On three occasions Gullit spoke of his faith in Shearer, as the striker who is "in good shape and the man to get us out of trouble". Yet the rumours persist of the dream scenario of Shearer as player-coach, with the currently unemployed Bobby Robson "coming home" to provide the father-figure role. Maybe. Meanwhile Gullit will persevere with that charm, streaked with arrogance, which so appeals to TV viewers but not necessarily to all footballers.

"You are as good as your last game," he said. "If you win the game you are the best. If you don't win, it will get worse and worse. I know that. It comes with my job. I work my socks off to get it right, and hope that it's going to work out. And after Sunday we shall see then." Management, he agreed, "is always harder than you think. You have to wait until new players get used to each other and if they click. Sometimes it takes some time." He is already finding that patience is not a commodity in huge supply in the Premiership; certainly not at St James' Park.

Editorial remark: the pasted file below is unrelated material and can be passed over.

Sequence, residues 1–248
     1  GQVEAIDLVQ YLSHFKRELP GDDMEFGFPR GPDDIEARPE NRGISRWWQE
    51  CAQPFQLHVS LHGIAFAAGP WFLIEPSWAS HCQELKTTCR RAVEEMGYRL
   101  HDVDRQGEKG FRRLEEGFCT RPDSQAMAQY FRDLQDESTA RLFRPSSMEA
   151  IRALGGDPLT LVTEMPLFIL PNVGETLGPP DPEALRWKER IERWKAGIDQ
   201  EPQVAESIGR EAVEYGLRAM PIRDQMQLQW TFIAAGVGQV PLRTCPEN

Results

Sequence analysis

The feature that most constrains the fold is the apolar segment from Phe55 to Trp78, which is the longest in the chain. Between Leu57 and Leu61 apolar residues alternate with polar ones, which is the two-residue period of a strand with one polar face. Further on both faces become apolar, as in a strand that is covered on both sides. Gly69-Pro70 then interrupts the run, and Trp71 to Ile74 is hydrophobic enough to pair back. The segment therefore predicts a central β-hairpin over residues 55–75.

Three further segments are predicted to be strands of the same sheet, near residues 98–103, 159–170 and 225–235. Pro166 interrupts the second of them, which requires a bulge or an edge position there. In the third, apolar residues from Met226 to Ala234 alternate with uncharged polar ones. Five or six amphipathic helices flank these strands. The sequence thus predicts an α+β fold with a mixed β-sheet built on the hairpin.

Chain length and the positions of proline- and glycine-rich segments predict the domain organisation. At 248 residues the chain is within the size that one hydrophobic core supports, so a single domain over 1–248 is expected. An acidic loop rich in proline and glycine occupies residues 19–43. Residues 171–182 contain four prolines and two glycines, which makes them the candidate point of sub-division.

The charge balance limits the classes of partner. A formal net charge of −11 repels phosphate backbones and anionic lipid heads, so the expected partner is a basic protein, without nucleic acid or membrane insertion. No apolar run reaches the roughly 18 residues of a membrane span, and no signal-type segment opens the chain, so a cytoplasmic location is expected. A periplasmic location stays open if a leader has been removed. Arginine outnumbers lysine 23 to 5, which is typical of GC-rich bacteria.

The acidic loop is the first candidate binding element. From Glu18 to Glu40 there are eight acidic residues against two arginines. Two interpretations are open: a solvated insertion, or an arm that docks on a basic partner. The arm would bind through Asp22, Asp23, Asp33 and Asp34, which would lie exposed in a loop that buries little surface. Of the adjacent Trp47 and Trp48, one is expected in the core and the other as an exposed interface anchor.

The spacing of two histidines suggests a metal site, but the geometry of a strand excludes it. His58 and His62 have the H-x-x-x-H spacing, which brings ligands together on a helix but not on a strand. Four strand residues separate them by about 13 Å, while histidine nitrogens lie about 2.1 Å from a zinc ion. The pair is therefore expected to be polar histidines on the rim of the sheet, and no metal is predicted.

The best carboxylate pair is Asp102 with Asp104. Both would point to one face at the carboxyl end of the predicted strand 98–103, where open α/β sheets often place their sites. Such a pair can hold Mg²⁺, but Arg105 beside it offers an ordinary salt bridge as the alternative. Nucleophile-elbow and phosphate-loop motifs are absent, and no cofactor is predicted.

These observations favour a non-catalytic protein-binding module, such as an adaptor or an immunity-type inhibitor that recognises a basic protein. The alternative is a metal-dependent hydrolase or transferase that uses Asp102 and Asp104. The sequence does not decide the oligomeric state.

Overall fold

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When I was supporting Ray La Montagne I was six months pregnant. He had been touring for a year and he was exhausted and full of the cold. I was feeling motherly, so I would leave presents for him and his band: Tunnock's Tea Cakes, cold remedies and proper tea. Ray seemed painfully shy. He hardly spoke, hardly looked at you in the face. I felt like a dick speaking to him, but said "hi" every day. </p>
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He was being courted by the same record company who had signed me and subsequently let me go, and I wanted him to know that there were people around who didn't want anything from him. At the Shepherds Bush Empire in London, on the last night of the tour, Ray stopped in his set to thank me for doing the support. He said I was a really good songwriter and people should buy my stuff. I was taken aback and felt emotionally overwhelmed. Later that year, just before I had my boy Louis, I was l asleep in bed with Radio 4 on when Louis moved around in my belly and woke me up. Ray was doing a session on the World Service. </p>
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I really believe that Louis recognised the music from the tour, and when I gave birth to him at home I played Ray's record as something that he would recognise to come into the world with. </p>